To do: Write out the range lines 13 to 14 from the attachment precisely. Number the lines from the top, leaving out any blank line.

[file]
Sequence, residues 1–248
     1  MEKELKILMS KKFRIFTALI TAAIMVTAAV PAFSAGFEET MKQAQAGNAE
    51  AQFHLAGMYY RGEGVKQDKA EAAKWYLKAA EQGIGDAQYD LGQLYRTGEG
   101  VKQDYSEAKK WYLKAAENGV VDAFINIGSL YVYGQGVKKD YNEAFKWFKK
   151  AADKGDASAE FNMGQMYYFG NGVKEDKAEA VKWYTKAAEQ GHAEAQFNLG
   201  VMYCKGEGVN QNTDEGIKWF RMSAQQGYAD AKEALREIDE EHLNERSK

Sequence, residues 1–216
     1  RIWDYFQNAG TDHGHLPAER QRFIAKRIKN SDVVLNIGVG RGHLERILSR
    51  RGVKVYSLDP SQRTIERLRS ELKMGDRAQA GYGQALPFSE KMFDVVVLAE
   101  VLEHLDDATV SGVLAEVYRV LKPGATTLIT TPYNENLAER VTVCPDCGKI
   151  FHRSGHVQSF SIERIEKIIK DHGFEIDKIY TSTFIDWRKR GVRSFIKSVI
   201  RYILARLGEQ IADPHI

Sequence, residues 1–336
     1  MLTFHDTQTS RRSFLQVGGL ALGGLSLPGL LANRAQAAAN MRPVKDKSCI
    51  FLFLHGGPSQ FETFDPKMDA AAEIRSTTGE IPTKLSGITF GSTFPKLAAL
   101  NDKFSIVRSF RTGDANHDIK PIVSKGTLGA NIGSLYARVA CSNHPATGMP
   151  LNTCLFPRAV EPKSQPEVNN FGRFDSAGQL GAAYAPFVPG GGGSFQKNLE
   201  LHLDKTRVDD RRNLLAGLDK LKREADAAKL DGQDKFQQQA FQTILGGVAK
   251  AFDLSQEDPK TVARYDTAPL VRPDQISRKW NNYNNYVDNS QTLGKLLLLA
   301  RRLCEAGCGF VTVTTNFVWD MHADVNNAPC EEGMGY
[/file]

Sequence, residues 1–336
     1  MLTFHDTQTS RRSFLQVGGL ALGGLSLPGL LANRAQAAAN MRPVKDKSCI